Health care professionals must make better use of community-based self-help groups for patients with mental health issues, according to the mental health organisation Grow.
Figures from Grow indicate that only 37pc of people attending its services have been referred by GPs, psychiatrist and other mental health professionals.
According to Grow Ireland CEO, Michele Kerrigan, poor integration between professional services and community support group networks means many patients are being denied a very effective resource.
“The mental health services are under continued pressure,” she said. “In January of this year, one in four people were waiting more than three months to be seen by a community mental health team. By July that had increased to almost one in three.
“Numerous studies have shown that the self-care and peer support services provided by voluntary organisations like Grow have significant benefits in terms of reducing hospitalisations, improving patient outcomes and reducing costs. Yet only a very small proportion of the people who come to us for help are actually referred by health care professionals,” she said.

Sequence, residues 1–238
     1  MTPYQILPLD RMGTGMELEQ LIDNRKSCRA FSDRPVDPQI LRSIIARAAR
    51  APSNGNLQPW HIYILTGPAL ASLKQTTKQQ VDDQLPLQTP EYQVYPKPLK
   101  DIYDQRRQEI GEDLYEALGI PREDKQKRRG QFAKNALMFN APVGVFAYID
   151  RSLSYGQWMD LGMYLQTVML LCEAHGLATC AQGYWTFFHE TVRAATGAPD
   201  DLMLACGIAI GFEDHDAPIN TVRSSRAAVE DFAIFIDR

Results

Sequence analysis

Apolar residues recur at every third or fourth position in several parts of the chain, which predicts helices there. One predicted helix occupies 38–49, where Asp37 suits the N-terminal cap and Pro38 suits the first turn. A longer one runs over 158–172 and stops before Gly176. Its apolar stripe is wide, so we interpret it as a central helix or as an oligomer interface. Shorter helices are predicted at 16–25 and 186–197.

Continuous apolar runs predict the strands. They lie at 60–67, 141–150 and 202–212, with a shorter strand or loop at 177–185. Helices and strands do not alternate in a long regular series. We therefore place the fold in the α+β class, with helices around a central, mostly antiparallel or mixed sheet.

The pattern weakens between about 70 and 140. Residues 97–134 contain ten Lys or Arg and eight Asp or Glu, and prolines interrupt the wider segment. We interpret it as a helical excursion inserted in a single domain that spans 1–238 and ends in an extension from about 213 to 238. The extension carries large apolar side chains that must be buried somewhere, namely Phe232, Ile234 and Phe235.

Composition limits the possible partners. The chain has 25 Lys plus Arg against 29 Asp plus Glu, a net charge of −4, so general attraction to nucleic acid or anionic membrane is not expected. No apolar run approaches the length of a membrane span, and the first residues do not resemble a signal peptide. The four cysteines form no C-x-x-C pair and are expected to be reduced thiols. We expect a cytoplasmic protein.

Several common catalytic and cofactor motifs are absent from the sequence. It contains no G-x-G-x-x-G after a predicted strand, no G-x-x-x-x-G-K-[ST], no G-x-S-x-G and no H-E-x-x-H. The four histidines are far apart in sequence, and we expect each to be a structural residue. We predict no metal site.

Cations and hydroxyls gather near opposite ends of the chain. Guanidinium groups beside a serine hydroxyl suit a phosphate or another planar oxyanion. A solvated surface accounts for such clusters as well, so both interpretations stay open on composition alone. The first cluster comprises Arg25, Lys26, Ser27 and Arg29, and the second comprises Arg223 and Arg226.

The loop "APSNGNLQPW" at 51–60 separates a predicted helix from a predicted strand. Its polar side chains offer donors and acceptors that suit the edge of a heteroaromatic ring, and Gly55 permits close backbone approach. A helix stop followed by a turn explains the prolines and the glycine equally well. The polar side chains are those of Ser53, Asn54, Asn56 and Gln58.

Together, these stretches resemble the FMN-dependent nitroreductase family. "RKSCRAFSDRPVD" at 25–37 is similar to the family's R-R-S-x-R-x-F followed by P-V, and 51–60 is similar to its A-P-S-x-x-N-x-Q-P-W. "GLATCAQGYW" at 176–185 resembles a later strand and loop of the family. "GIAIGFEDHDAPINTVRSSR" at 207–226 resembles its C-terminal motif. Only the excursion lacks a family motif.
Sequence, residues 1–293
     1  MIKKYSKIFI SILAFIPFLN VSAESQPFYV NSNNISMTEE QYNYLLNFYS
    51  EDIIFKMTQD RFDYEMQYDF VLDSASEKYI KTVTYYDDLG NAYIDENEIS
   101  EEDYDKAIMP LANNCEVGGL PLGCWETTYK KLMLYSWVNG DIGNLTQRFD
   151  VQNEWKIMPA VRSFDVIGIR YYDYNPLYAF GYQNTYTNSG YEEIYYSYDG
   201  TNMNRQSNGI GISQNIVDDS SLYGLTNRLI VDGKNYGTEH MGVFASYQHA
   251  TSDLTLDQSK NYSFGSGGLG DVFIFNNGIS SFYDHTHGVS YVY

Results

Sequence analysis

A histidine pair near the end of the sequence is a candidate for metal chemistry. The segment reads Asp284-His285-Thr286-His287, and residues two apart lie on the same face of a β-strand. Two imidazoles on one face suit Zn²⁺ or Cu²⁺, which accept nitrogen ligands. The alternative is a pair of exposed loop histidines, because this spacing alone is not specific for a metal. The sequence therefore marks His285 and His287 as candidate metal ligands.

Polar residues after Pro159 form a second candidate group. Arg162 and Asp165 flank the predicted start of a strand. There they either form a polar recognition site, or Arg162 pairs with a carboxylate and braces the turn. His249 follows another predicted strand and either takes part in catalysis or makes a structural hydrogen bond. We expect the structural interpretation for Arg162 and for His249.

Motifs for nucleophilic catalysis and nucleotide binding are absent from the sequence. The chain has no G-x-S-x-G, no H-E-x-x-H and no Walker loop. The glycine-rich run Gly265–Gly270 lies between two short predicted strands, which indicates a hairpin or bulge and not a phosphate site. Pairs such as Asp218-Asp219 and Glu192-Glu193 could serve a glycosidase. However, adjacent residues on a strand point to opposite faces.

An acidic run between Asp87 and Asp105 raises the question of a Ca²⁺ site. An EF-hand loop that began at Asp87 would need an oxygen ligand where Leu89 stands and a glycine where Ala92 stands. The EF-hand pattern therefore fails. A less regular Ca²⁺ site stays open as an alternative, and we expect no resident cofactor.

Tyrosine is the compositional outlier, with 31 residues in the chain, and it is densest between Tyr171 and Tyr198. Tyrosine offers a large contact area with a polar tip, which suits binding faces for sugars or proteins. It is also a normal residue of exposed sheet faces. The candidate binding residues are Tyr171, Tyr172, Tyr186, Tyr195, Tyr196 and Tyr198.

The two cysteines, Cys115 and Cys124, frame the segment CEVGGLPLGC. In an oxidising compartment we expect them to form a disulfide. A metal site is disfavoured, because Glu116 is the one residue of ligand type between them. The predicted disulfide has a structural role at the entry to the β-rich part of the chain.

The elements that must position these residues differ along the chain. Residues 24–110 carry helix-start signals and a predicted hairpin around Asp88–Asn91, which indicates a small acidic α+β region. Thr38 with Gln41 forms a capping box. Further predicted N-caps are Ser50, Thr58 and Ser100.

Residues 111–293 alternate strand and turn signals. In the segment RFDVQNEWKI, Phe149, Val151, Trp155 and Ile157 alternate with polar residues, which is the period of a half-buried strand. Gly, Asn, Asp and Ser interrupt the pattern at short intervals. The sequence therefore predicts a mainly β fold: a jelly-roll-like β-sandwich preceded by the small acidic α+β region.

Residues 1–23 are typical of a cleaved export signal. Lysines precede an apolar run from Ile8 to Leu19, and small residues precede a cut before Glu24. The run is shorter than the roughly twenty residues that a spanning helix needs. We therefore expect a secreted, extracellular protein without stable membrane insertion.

The Grow model of care is based on a combination of cognitive training and peer support similar to that provided by Alcoholics Anonymous and incorporates an adapted 12-step programme.
There are more than 130 Grow groups operating throughout the country, holding weekly group meetings designed to give support and advice to people who are currently suffering from mental health issues or have suffered mental health problems in the past.
To mark Mental Health Day, Grow has launched a series of videos where members share their experiences of mental illness and recovery.